ARCHITECT: Richard Upjohn
The Episcopal church in Manistee formally dates from 1869, when articles of agreement for a proposed parish were signed.
The congregation was officially organized in March of 1888. Lots for the church were purchased on Second Street shortly thereafter. The cornerstone for the Church of the Holy Trinity was laid in October 1888 and the first services were held in the church on December 16, 1888. This building, one of the few hand-hewn stone churches in the area, was designed by architect Richard Upjohn and constructed in the style of an English country church of Norman design. A rectory, housing for the priest and family, was built next to the church in 1890.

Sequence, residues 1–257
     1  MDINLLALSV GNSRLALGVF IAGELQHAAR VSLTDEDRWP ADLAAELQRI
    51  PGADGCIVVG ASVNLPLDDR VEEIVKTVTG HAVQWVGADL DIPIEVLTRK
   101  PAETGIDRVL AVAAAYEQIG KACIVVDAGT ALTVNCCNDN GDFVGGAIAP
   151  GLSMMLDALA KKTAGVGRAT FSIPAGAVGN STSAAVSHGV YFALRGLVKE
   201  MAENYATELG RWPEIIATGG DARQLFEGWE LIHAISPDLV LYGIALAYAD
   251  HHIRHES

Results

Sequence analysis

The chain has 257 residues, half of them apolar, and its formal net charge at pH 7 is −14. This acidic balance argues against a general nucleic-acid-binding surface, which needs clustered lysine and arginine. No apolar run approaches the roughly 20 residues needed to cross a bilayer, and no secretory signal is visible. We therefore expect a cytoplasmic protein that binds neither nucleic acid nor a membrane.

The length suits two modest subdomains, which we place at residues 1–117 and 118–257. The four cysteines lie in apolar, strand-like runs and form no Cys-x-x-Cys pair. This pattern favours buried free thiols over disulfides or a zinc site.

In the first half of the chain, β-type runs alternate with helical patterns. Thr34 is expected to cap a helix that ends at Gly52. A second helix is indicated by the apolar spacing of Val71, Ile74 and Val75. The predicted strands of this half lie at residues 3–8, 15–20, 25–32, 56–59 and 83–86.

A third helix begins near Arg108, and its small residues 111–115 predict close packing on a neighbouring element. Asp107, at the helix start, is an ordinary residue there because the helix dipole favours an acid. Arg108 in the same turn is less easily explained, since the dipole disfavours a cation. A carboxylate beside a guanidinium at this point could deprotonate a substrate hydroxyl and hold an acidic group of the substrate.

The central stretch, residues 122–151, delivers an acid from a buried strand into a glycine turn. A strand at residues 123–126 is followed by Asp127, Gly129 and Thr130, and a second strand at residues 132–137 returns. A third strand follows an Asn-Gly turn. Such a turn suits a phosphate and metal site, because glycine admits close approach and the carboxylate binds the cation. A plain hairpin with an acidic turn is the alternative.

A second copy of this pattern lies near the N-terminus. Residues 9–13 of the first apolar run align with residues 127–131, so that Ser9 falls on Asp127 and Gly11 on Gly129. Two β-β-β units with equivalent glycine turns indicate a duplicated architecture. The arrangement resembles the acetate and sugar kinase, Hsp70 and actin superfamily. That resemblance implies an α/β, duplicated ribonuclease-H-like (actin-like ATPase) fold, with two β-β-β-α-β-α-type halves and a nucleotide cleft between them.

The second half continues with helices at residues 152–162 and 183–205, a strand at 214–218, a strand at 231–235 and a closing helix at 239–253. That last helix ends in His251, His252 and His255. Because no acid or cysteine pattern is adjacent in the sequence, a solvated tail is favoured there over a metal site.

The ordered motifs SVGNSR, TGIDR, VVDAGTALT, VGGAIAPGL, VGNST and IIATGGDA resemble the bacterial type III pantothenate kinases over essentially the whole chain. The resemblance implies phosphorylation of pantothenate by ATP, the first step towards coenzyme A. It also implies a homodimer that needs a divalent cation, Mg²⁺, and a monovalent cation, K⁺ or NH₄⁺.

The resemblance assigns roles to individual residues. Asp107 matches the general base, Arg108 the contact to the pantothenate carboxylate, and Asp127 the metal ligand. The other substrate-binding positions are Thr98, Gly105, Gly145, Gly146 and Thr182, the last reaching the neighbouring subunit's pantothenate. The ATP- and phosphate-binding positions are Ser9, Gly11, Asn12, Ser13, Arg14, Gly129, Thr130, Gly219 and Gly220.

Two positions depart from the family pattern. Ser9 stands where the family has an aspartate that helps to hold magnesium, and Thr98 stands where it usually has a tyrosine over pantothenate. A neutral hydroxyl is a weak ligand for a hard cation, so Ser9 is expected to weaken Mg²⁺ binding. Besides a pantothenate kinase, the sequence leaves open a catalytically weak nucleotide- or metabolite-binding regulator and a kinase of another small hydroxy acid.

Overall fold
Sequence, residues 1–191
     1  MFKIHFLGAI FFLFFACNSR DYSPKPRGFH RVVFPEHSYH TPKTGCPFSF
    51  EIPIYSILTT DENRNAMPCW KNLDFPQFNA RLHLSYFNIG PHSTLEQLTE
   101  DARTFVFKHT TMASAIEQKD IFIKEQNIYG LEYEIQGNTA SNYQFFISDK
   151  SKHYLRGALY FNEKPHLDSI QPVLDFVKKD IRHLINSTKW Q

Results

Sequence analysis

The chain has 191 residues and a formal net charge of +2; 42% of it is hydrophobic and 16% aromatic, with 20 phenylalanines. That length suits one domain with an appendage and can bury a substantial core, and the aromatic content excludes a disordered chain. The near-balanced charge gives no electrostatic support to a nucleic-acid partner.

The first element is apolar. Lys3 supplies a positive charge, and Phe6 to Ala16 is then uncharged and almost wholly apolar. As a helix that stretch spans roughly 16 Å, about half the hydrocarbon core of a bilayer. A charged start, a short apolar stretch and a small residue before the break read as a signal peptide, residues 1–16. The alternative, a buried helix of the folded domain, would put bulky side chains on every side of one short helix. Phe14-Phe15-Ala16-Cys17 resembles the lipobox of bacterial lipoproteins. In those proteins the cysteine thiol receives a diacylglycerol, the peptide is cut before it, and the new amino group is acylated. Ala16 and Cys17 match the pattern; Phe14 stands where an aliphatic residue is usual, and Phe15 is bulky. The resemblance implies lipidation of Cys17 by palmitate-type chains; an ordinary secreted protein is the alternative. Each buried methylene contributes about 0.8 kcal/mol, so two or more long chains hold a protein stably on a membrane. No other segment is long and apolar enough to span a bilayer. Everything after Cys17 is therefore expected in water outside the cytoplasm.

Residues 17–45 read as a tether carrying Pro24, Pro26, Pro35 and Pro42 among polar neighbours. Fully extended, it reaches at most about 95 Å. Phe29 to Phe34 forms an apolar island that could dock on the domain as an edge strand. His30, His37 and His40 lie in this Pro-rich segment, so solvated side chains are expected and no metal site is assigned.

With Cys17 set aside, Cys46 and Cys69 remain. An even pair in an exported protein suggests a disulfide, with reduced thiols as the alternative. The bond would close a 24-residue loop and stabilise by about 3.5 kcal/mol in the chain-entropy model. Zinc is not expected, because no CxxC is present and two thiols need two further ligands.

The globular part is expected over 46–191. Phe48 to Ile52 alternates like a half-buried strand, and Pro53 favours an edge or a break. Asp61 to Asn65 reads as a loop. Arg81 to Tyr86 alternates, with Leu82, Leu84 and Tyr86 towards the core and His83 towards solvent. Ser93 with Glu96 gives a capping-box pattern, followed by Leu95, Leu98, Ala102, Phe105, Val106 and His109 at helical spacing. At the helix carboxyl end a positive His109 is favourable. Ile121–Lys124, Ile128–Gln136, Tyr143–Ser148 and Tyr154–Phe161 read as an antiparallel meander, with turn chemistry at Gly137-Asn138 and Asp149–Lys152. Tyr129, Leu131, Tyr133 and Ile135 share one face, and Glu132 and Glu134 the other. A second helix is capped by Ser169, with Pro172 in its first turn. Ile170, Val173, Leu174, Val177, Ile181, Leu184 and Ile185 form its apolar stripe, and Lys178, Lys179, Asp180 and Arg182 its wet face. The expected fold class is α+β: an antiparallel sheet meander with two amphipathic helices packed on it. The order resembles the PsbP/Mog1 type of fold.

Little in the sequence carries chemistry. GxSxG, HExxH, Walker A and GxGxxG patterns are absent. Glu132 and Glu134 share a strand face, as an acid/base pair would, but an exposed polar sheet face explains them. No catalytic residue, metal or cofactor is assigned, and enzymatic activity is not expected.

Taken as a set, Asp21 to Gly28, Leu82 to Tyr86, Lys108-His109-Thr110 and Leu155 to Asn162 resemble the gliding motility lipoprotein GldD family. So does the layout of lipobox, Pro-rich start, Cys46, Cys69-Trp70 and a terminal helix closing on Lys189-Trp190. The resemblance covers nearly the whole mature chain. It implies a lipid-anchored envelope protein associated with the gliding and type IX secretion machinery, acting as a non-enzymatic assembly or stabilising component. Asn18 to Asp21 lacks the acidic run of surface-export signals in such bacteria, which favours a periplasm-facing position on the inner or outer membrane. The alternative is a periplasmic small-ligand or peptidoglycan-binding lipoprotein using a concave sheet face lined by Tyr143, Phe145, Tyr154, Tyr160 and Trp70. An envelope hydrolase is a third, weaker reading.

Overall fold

A disastrous fire swept through the church in 1909 destroying the interior. Repairs were accomplished quickly and six months later the church had been repaired and consecrated. The beautiful woodwork of the ceiling dates from this renovation and was the work of local carpenter.
In the fall of 1929 faulty wiring in the organ caused another fire in the church. This fire damaged the organ, the chancel, the chapel and the Guild Room.
In the late 70s, the 22-rank organ underwent an extensive, 2 year, renovation. Some portions of the instrument are from rare and early organs and are irreplaceable today. According to music experts, Holy Trinity’s organ is considered one of the finest in the area.
Holy Trinity was placed on the Michigan Register of Historic Sites in 1981.